The Miami-Dade School Board overwhelming decided against recognizing October as Lesbian, Gay, Bisexual, Transgender, and Queer History month which included a measure to teach 12th graders about two Supreme Court cases affecting the LGBTQ community.
Parents, teachers and students spoke for more than three hours Wednesday, with one group citing indoctrination of students and the other speaking about how Nazis ostracized gays and lesbians with a pink triangle. The board then voted 8-1 against the measure, which was proffered by board member Lucia Baez Geller.
Outside the school board's headquarters, where people waited to speak during the meeting, a group of Proud Boys got into a loud argument with someone hoisting a trans flag, the Miami Herald reported.
"There is an election year and the anti-LGBTQ+ rhetoric is a tool used by some to spread misinformation," board member Lucia Baez Geller said. "This is just plain disinformation."
She told the newspaper the measure "is mostly to recognize the dignity and the respect for each other." She also noted that seniors could opt out of learning about the two Supreme Court cases — Obergefell v. Hodges, which recognizes same-sex marriage, and Bostock v. Clayton County, which says an employer can't fire someone for being gay or transgender.
Throughout the year, other months are recognized to teach students about history, including Hispanic Heritage, Black history, and women's history. October is National LGBT History Month.
Last year, the school board recognized LGBTQ month, but did not include the provision to add the two Supreme Court cases.
School Board member Christi Fraga, who was the lone opponent of recognizing LGBTG month last year, said she thinks "endorsing and putting it out as something that everyone has to participate in does start to cross a line of imposition onto family values."
Among those who opposed the measure, some said it went against their religious beliefs while others said the board was abiding in the indoctrination and sexual abuse of children. Some falsely claimed the measure would adopt new curriculum for students to learn about LGBTQ+ issues without parental consent.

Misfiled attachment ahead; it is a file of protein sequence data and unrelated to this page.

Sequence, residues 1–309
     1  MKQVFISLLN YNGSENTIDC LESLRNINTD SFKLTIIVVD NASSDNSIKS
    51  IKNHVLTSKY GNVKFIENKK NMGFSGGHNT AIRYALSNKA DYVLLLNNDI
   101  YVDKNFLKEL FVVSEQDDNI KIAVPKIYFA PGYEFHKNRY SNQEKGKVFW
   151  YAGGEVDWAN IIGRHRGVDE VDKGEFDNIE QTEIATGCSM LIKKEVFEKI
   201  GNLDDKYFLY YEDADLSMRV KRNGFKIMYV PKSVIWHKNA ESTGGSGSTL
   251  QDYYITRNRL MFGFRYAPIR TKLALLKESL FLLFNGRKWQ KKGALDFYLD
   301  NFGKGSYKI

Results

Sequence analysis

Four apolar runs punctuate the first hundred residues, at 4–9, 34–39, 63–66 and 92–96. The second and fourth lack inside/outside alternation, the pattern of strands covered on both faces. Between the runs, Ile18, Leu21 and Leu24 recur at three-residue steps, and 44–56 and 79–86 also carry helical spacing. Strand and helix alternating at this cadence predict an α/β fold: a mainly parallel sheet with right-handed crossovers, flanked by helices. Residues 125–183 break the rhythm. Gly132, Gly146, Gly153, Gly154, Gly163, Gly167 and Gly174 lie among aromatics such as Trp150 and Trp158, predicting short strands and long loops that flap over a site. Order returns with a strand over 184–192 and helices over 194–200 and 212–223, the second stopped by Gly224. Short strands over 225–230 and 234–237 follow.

Earlier this year, Florida Gov. Ron DeSantis championed a law that bans lessons on sexual orientation and gender identity in kindergarten through third grade, which critics dubbed the "Don't Say Gay" bill.
The governor also got involved in campaigning for school board races this year, endorsing two candidates in Miami-Dade who won races for seats on the already conservative board last week. Those candidates do not take office until November.
Max Tover, a pastor and parent in the district, led those outside in a prayer, asking that the board members reject the motion. He told the Herald that passing the measure is "a Trojan Horse."
Maxx Fenning, president and founder of the nonprofit PRISM FL, which provides sexual health information to LGBTQ+ youth, likened opposition to the measure to how Nazis ostracized gay people by making them wear a pink triangle badge to reflect their sexual orientation.
The final vote came Wednesday around 9:45 p.m. ET, after the board took a one-hour break to hear discussion about the district's budget. Some still in the audience cheered as others sat silently.
The Miami-Dade public school system is the nation's fourth largest, with 331,500 students.
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